“The Nutrients used by 7 ACRES are a specialty brand of cannabis-specific fertilizers developed and manufactured in Maple Ridge, BC by Remo Brands Ltd. As part of the ongoing review process, Health Canada has asked Supreme to work with Remo Brands Ltd. to provide reasonable data that the Nutrients comply with all relevant safety guidelines and applicable law.”
Joel Twaites, Vice President of Marketing and Operations at Remo Brands Ltd, says all of the ingredients in their products are already approved by the Canadian Food Inspection Agency (CFIA) CFIA exempt, or deemed safe by CFIA. The issue, he explains, is that the regulator now wants to see evidence to approve not only the ingredients, but the combination of those ingredients.
“We’ve been in communication with both Health Canada and CFIA and have been requested to submit lab documents to pretty much all of our products relating to heavy metal testing and bacterial contaminants,” says Twaites.
“We use a whole bunch of ingredients that are registered through the CFIA, but the fact that we mix them all together kind of complicates the situation, and that’s why they’ve been putting this red tape in front of everything.”
Despite some rumours circulating that have speculated that the Remo products used by 7 Acres contained a disallowed product, Twaites points out if that had happened, their products would be banned entirely, which has not happened. Such an un-labeled product from a different manufacturer was found in use at Mettrum last year—and in the US prior—which triggered a cascade of recalls related to other unauthorized products.
“I share the same frustration that I know a lot of other Licensed Producers and their quality assurance people have, which is it’s an incredibly broad definition of additive, to simply say that anything applied to the plants in a foliar manner at any point in their life cycle potentially constitutes an additive in the finished product.” -Chris Stone, Director of Quality Assurance at Broken Coast
“We’re just trying to be as compliant as possible and provide as much information as possible,” he continues. “We have nothing to hide. We designed our lines specifically for these large facilities so it would be kind of pointless for us to try and design it so that these guys can clear everything and then turn around and have to be stopped over something that really would have restricted us from getting into these facilities anyway. If anyone found something in our product that was banned, then it wouldn’t have been allowed to be used.”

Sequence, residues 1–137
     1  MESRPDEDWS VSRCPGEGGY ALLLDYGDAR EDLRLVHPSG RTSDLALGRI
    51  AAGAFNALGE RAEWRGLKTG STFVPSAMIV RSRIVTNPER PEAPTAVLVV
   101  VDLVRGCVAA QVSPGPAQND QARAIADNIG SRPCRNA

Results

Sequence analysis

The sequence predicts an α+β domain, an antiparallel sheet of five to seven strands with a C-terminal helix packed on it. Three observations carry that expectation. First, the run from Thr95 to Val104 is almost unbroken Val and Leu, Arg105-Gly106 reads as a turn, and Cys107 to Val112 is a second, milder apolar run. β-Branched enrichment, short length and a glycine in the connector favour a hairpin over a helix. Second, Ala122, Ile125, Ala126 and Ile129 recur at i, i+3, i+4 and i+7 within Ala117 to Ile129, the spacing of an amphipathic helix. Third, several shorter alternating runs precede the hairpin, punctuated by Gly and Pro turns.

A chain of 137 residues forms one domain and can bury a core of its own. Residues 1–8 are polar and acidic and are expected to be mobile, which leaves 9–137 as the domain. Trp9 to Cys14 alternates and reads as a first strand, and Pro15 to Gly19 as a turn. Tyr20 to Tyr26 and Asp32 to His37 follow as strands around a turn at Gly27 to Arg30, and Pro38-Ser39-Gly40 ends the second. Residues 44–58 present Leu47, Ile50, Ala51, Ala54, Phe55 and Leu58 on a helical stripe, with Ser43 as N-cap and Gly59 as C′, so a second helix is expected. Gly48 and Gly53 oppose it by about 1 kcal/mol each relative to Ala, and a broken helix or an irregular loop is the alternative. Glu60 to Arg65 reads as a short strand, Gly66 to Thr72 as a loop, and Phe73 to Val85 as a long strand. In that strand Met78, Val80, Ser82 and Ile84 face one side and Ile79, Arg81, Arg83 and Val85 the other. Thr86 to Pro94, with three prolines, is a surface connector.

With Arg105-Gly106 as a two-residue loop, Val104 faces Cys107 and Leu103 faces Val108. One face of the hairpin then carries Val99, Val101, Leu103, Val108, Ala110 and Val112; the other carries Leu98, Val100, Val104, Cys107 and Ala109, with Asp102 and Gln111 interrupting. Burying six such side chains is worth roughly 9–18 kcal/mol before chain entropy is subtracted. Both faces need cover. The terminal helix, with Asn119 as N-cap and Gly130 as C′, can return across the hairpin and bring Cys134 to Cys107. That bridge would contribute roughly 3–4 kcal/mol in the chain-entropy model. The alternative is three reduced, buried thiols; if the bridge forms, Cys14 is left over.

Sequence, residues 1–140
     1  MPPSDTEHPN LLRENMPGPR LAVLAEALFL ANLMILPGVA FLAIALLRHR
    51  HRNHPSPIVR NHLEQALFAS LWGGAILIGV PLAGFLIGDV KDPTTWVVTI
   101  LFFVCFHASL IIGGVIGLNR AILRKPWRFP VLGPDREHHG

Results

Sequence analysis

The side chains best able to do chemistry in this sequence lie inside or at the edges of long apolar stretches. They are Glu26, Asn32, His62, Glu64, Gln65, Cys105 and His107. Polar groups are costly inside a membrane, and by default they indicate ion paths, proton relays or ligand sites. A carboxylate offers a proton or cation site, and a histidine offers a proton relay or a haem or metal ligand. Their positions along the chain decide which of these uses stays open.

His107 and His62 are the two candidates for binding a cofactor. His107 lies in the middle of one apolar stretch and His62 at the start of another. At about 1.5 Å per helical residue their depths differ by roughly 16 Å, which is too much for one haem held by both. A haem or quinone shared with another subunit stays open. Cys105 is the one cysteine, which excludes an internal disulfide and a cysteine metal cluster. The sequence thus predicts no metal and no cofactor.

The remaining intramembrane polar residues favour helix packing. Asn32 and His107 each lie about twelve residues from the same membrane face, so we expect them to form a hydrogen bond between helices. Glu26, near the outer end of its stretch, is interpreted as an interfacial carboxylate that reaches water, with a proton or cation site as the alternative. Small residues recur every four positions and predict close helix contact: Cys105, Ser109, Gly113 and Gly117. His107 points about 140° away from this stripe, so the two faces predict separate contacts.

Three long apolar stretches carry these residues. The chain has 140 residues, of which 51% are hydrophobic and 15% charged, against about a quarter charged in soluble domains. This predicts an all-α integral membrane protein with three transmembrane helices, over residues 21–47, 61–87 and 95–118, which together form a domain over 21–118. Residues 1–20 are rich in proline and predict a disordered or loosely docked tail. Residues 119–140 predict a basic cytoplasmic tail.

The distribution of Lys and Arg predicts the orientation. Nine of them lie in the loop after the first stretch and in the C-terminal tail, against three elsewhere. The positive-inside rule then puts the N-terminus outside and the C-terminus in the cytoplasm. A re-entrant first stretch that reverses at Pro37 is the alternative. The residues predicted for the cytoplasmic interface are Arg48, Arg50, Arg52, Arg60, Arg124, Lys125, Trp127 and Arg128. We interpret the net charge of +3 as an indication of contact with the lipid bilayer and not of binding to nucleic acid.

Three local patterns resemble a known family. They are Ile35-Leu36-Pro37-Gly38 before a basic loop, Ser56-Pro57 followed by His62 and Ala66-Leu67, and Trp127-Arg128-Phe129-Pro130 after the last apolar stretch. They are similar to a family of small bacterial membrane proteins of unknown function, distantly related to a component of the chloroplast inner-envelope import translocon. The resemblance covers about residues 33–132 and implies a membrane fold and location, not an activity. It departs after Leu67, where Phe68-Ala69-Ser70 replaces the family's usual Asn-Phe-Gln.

Twaites says he understands where Health Canada is coming from. They are being overly cautious as this is an entirely new area for them, and it’s an overwhelming task.
"It’s to be expected, ” says Twaites. “We should have those regulations. But it's a new industry, so we don’t have the infrastructure in place to regulate this yet."
Chris Stone, Director of Quality Assurance at Broken Coast, a Health Canada-licensed producer on Vancouver Island in British Columbia, says they in the past had at times used a seaweed-based foliar spray to provide nutrients for clones prior to them taking root.
Although they have since discontinued the process, Stone says plants ultimately grown from these cuttings were part of samples isolated by Health Canada in a recent surprise round of spot testing. The plants all passed the testing, but Stone says it was still an unknown for him until the results came in, even after so much time had passed since the small cuttings had grown into much older plants. The interpretation of this as an ‘additive’ under the existing rules seems confusing, he says.
“I share the same frustration that I know a lot of other Licensed Producers and their quality assurance people have, which is it’s an incredibly broad definition of additive, to simply say that anything applied to the plants in a foliar manner at any point in their life cycle potentially constitutes an additive in the finished product.
“For us, even when we did apply (a seaweed-based foliar spray), we only applied at the stage when the plants were clones, and that plant material is not really even left at the end-point, so it’s an incredibly broad definition I think for LPs to work within.”